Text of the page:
Connect with us
Advertisement
Advertisement

News

Dyfed-Powys Police to wear body cameras

Published

on

UNIFORMED police staff and officers across Ceredigion, Carmarthenshire, Pembrokeshire and Powys will soon be equipped with Body Worn Video (BWV).

Today (Mar 29) marks the beginning of the forcewide training roll-out for the approximately 800 police officers and Police Community Support Officers (PCSOs) who will be issued with the cameras.

The footage provides visual and audio evidence for use at court; meaning offenders are more likely to plead guilty and can be brought to justice faster. It will improve the process of investigating complaints against officers, and make them more accountable to the public. Officers will only record if there is a policing need and it is proportionate to do so.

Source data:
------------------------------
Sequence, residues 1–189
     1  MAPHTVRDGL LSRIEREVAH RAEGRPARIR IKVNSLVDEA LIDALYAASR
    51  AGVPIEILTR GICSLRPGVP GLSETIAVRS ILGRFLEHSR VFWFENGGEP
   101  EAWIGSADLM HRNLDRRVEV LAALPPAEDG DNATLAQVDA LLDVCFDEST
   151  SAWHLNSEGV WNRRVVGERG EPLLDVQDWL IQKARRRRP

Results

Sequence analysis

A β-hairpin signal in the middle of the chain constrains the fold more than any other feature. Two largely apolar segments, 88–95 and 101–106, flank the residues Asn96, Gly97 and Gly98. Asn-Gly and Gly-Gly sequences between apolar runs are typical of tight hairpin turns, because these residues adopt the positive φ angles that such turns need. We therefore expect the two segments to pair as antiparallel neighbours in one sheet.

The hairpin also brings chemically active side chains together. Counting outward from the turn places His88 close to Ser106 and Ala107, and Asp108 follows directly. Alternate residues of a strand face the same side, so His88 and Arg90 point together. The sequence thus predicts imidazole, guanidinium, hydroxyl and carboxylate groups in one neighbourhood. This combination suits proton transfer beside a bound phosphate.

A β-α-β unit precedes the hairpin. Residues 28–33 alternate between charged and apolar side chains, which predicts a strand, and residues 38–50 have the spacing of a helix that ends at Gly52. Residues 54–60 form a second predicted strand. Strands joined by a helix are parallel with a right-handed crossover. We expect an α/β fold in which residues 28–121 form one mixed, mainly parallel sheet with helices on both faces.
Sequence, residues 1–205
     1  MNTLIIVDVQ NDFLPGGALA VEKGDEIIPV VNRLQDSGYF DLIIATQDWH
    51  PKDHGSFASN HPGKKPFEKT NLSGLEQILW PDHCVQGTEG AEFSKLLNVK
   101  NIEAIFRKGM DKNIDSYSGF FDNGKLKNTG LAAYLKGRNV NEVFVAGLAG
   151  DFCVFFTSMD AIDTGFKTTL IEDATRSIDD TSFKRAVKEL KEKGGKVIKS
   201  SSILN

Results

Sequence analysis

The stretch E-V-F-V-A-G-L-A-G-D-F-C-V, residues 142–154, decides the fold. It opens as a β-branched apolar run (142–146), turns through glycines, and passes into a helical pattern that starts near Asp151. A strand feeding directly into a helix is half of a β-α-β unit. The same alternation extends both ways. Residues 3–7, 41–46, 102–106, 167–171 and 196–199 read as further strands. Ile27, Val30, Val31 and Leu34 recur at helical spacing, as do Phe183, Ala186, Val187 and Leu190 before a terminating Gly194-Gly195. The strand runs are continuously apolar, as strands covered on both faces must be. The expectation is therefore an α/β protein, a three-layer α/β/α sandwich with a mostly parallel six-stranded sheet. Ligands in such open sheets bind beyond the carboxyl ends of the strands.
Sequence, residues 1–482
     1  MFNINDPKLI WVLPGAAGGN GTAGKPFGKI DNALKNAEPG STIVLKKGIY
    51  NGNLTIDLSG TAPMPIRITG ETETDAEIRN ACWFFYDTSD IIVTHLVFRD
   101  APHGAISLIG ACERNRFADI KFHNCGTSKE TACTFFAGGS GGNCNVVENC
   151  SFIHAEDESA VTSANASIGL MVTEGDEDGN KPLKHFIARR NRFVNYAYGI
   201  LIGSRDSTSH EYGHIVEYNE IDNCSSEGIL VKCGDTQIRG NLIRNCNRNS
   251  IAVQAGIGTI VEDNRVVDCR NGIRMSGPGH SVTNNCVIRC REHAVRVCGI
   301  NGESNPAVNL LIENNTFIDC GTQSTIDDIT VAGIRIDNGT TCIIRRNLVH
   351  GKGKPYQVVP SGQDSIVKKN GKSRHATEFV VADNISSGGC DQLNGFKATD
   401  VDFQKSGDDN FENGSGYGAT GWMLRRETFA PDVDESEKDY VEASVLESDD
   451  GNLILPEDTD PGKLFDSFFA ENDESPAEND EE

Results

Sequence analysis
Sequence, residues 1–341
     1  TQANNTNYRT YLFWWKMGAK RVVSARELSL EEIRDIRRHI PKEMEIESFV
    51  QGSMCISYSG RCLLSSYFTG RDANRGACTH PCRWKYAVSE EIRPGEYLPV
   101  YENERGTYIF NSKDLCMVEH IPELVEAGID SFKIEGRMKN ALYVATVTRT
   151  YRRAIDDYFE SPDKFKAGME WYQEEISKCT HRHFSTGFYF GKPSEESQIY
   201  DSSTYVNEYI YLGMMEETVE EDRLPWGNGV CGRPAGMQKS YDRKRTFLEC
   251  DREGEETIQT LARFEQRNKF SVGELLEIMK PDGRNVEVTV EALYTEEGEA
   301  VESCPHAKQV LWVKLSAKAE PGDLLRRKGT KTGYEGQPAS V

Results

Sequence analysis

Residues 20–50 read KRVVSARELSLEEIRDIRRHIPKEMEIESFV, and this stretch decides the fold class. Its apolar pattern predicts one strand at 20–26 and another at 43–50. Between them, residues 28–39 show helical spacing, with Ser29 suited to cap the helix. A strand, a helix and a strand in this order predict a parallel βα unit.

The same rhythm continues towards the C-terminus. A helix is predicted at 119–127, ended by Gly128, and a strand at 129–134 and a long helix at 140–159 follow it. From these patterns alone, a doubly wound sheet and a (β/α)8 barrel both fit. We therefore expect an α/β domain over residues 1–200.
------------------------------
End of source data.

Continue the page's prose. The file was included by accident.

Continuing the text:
BWV cameras will be clearly visible, worn attached to the officer’s uniform – usually on the chest. The camera is always on but will only begin recording once the officer presses ‘record’. When in ‘standby’ mode the cameras will record a rolling 30-second loop of film, there is no audio until the recording begins.

Officers will announce when they begin and end filming. When recording, the camera makes a regular loud beep and displays a solid red circle in the centre.

Chief Constable Mark Collins said: “Training for officers will begin at the end of March, and soon after members of the public will start spotting them on officers and PCSOs.

“The introduction of these cameras is in line with the national policing approach, and is a significant move forward for policing in our area. They will provide the public with more reassurance, and will help officers to document valuable evidence – leading to swifter justice for victims.